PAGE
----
In this light, it will be pertinent for African nations to create an appropriate legislative framework which will cater for MSMEs who may have a single member to a more complex structure with multiple members. Such stakeholders could smallholders, street vendors or family enterprises wishing to expand and formalise their business. UNCITRAL Working Group I have provided a Draft Legislative Guide for the creation of a Limited Liability Organisation (UNLLO) for developing countries who need to reform their business sector. The African Union can assist its countries by developing a “continental framework” around the recommendations of the UNLLO which will create a flexible business form that can be tailored to meet commercial practices in Africa whether family business, joint ventures or consultancy services. The African Union may wish to exclude certain regulated industries from the scope of the continental framework such as banking, microcredit or insurance industry. These businesses under the continental framework will have legal personality and their members will have limited liability. In addition, these businesses could operate in more than one African jurisdiction and enforcement of their rights will not be curtailed by not being registered in that country.
In addition to the recognition and modernisation of a flexible African business structure which will no doubt encourage private sector investment in these businesses, access to finance for these businesses remains a stumbling block. This is particularly the case with businesses involved in high value equipment transactions. To date, not many African countries have ratified the Cape Town Convention on International Interests in Mobile Equipment. This Convention is a creation of the International Institute for the Unification of Private Law (UNIDROIT). This Convention was signed in November 2001 which created a new concept “international interest” for creditors to speedily enforce their legal rights in equipment that they may have leased or taken as security upon default by a debtor. Generally, the Convention seeks to reduce the risks associated with lending towards the financing of mobile equipment that usually move across national borders, with the international interest capable of being enforced in another jurisdiction outside the jurisdiction of the creditor. These equipment’s could range from aircraft (including helicopter) parts, rolling stock, space objects, agricultural equipment, mining and manufacturing equipment. This Convention creates separate protocols for these equipment’s. This is a truly unique international treaty on secured transactions which will significantly reduce financial risks for the private sector who wish to invest in African infrastructure.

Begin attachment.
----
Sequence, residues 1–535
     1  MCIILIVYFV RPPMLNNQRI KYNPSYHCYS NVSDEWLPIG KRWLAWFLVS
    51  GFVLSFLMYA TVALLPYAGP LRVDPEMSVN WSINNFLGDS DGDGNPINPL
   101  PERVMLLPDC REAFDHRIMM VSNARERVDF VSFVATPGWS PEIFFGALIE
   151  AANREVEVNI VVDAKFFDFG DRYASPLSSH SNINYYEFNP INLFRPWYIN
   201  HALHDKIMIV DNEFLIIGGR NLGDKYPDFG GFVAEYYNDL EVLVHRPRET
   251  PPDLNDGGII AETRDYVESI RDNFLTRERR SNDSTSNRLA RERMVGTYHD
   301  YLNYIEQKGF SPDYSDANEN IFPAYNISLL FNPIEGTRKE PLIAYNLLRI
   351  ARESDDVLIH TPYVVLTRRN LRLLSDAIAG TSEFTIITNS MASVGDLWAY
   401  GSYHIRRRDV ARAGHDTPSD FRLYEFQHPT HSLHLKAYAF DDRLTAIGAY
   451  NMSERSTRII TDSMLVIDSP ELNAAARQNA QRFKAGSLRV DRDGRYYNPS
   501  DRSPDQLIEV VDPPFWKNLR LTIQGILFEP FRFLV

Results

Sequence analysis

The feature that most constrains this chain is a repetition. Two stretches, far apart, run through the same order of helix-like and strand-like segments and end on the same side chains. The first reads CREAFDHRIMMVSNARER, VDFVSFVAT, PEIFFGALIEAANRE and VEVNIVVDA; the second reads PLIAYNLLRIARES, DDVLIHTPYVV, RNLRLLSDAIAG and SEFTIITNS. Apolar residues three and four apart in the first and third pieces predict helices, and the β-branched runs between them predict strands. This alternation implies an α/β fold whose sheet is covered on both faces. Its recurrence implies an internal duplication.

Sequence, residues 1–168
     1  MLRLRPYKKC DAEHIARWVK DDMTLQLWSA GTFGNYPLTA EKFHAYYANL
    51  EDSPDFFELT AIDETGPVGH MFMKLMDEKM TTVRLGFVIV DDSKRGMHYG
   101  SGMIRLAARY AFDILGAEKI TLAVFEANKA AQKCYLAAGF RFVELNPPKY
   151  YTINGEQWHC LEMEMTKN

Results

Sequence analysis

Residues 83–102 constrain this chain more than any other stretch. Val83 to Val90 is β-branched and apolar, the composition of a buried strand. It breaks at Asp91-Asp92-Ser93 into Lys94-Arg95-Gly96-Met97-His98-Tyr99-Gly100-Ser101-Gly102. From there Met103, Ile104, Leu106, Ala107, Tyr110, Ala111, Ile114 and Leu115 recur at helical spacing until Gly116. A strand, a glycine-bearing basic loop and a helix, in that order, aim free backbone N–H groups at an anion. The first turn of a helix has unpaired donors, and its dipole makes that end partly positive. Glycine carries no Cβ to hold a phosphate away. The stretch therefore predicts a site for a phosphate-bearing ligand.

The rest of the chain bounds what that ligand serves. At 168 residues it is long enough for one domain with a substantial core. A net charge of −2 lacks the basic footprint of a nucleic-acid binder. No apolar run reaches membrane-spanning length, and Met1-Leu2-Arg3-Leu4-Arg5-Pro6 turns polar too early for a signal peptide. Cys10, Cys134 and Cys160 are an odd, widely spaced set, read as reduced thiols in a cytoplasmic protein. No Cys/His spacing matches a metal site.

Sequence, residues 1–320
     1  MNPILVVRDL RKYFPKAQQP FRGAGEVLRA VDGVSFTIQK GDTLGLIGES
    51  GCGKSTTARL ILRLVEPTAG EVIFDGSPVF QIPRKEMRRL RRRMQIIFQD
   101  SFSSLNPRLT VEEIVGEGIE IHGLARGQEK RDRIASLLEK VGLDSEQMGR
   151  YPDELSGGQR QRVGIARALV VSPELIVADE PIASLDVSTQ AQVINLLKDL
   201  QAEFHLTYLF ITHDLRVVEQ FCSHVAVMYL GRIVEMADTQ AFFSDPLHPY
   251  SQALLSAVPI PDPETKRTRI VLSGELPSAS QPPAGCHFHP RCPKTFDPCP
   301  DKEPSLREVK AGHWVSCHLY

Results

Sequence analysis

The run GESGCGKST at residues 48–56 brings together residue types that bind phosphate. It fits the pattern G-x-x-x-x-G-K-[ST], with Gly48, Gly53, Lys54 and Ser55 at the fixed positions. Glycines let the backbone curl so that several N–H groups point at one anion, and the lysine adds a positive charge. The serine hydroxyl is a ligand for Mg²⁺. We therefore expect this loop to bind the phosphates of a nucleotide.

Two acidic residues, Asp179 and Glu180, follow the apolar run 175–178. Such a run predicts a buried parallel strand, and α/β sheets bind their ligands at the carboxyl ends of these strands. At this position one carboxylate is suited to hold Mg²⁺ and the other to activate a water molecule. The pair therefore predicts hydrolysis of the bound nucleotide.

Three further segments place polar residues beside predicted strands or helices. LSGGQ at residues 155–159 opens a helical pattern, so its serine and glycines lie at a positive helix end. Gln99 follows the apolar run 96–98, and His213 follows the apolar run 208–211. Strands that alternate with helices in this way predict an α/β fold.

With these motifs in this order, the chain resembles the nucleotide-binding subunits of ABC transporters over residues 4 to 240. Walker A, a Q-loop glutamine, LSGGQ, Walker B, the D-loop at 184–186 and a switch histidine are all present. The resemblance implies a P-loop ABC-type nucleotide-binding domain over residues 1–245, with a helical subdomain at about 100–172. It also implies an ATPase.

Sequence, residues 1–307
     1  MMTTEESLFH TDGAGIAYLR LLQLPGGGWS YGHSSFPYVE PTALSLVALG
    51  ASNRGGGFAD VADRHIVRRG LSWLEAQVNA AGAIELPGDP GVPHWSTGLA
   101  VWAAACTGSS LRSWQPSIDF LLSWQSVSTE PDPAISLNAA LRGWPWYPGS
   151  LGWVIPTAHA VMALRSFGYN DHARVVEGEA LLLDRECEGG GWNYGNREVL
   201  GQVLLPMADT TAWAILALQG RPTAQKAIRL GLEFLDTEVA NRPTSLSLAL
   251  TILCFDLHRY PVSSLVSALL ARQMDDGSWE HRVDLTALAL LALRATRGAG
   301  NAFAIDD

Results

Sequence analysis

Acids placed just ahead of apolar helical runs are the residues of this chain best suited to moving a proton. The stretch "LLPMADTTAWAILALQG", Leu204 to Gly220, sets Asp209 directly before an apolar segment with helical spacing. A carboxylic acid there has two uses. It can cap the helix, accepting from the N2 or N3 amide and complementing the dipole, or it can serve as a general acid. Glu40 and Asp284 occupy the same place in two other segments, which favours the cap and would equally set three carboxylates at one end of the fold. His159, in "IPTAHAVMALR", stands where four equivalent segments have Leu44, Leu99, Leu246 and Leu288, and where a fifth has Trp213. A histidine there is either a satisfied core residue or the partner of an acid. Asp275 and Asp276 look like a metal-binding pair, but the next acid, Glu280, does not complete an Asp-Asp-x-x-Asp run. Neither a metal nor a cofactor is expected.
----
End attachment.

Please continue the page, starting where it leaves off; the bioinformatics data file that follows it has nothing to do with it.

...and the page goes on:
The African Union should seriously consider the adoption of this treaty which has the capacity to unlock private sector investment in Africa, including regional projects. Also, an African legal framework built on this Convention, either through the assistance of the regional economic communities or by an African Charter or Protocol, will significantly reduce the cost of private sector financing for mobile equipment which will lead to a more competitive and dynamic infrastructural industry in Africa. There are no downsides to implementing this law in Africa. National governments will be relieved from financial burdens. It will create fresh source of investment to different sectors (such as transportation, agriculture and space), attract international and regional investors, as well as underwrite Africa’s economic development many years to come. Indeed, the signing of the AfCFTA could not have come at a better time to take advantage of these opportunities to integrate and harmonise trade in Africa.